(This post grew out of an old conversation with Wei Dai.)
Imagine a person sitting in a room, communicating with the outside world through a terminal. Further imagine that the person knows some secret fact (e.g. that the Moon landings were a hoax), but is absolutely committed to never revealing their knowledge of it in any way.
Can you, by observing the input-output behavior of the system, distinguish it from a person who doesn't know the secret, or knows some other secret instead?
Clearly the only reasonable answer is "no, not in general".
Now imagine a person in the same situation, claiming to possess some mental skill that's hard for you to verify (e.g. visualizing four-dimensional objects in their mind's eye). Can you, by observing the input-output behavior, distinguish it from someone who is lying about having the skill, but has a good grasp of four-dimensional math otherwise?
Again, clearly, the only reasonable answer is "not in general".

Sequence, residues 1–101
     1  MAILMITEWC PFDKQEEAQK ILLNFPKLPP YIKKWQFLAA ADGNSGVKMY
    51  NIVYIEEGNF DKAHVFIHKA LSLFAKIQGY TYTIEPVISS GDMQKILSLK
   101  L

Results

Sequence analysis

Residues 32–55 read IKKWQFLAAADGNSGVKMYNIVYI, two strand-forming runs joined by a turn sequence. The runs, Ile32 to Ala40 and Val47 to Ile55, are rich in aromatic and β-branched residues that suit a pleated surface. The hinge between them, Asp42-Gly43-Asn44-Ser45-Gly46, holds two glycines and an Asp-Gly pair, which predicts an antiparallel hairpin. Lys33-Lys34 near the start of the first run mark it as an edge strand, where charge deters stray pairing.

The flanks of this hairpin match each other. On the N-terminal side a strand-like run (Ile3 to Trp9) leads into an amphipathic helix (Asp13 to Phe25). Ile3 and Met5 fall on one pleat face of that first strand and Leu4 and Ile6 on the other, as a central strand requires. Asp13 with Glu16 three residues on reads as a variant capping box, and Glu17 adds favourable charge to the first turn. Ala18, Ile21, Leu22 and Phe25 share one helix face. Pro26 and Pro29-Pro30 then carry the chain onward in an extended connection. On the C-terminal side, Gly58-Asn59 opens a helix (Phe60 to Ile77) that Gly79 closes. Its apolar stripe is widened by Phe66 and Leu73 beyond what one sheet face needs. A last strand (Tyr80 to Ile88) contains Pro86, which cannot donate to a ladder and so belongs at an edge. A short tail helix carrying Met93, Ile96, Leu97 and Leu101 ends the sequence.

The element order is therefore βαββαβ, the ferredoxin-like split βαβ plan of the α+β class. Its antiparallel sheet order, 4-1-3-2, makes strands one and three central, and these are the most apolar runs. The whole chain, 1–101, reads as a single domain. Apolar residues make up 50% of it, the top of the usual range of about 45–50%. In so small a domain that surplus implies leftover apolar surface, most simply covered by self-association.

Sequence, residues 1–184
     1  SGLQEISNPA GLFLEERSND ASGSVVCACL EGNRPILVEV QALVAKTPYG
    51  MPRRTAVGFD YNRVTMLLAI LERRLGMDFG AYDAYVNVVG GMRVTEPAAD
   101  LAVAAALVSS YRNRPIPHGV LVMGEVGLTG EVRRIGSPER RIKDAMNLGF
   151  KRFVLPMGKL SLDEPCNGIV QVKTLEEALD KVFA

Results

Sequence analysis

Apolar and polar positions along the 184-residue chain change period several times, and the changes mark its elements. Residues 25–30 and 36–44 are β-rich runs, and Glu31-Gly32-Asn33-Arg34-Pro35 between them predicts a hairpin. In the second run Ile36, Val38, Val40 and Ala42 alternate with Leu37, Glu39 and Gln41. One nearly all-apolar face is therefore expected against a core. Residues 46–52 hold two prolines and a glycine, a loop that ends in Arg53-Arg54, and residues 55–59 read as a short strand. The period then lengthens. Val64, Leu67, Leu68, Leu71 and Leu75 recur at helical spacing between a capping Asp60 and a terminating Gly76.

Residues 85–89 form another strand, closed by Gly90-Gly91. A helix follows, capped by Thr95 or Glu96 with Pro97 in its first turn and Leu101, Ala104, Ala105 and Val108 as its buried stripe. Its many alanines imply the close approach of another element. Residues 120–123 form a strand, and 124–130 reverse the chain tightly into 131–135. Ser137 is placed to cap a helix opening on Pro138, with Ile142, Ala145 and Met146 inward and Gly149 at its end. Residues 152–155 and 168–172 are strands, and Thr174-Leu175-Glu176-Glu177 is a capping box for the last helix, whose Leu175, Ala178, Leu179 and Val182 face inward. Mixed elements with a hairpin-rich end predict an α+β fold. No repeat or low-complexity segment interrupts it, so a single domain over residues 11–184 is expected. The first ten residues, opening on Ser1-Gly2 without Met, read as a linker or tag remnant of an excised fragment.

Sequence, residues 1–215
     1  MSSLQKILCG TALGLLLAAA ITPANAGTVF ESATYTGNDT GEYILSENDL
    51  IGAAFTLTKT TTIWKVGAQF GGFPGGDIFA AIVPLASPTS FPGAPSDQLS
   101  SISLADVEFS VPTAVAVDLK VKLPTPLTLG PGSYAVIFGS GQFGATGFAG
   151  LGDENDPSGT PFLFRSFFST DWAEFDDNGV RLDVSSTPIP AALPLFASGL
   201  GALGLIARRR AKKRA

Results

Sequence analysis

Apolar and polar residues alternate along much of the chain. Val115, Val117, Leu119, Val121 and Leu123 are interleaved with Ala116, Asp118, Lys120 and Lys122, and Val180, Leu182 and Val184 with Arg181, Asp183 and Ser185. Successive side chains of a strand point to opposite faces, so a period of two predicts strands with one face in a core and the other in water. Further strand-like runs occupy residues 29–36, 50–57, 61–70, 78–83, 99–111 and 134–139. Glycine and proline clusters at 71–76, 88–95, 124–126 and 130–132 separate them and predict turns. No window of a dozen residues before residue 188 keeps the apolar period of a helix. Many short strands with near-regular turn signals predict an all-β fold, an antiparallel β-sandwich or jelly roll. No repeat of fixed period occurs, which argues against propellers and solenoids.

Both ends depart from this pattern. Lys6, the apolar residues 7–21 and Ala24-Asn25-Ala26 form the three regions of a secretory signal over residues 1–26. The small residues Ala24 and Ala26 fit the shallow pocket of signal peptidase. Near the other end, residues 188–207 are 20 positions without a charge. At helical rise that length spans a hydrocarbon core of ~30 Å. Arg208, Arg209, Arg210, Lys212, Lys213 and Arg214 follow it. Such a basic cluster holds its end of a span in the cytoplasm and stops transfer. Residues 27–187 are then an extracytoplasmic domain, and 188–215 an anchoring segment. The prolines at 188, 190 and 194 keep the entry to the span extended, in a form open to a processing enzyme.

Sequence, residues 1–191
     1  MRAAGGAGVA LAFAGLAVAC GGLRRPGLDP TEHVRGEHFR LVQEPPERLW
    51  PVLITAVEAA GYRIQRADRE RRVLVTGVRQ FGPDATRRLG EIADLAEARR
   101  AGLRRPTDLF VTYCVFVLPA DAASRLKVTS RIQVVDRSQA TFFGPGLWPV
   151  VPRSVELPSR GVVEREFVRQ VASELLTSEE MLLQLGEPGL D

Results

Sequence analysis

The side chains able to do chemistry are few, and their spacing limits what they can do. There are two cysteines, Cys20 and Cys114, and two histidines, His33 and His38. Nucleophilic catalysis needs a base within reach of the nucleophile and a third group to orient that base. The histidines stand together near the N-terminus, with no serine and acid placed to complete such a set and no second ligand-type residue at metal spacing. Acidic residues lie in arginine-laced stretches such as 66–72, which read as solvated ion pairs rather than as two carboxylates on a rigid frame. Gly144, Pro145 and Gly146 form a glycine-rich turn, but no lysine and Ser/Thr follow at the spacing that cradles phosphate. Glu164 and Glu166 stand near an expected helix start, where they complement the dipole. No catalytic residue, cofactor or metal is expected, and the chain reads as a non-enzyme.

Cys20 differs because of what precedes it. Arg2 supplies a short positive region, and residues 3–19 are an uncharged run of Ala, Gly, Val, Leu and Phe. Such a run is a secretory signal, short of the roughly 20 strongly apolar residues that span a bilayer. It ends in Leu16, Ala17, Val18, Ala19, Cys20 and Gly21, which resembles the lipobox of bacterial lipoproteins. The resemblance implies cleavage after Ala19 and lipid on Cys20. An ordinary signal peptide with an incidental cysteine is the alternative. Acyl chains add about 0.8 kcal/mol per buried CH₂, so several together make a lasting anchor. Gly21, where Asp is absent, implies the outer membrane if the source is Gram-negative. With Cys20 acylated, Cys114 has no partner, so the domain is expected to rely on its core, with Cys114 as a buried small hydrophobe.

Now imagine a sealed box that behaves exactly like a human, dutifully saying things like "I'm conscious", "I experience red" and so on. Moreover, you know from trustworthy sources that the box was built by scanning a human brain, and then optimizing the resulting program to use less CPU and memory (preserving the same input-output behavior). Would you be willing to trust that the box is in fact conscious, and has the same internal experiences as the human brain it was created from?
A philosopher believing in computationalism would emphatically say yes. But considering the examples above, I would say I'm not sure! Not at all!